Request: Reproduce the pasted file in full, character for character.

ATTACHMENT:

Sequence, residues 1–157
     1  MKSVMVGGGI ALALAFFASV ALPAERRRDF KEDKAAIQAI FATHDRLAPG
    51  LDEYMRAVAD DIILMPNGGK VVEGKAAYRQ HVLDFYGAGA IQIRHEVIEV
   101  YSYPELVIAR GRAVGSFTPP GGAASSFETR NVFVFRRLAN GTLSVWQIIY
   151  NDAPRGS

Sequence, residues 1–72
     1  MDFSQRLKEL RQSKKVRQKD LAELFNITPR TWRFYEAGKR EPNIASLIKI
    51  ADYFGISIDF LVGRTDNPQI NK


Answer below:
Sequence, residues 1–157
     1  MKSVMVGGGI ALALAFFASV ALPAERRRDF KEDKAAIQAI FATHDRLAPG
    51  LDEYMRAVAD DIILMPNGGK VVEGKAAYRQ HVLDFYGAGA IQIRHEVIEV
   101  YSYPELVIAR GRAVGSFTPP GGAASSFETR NVFVFRRLAN GTLSVWQIIY
   151  NDAPRGS

Sequence, residues 1–72
     1  MDFSQRLKEL RQSKKVRQKD LAELFNITPR TWRFYEAGKR EPNIASLIKI
    51  ADYFGISIDF LVGRTDNPQI NK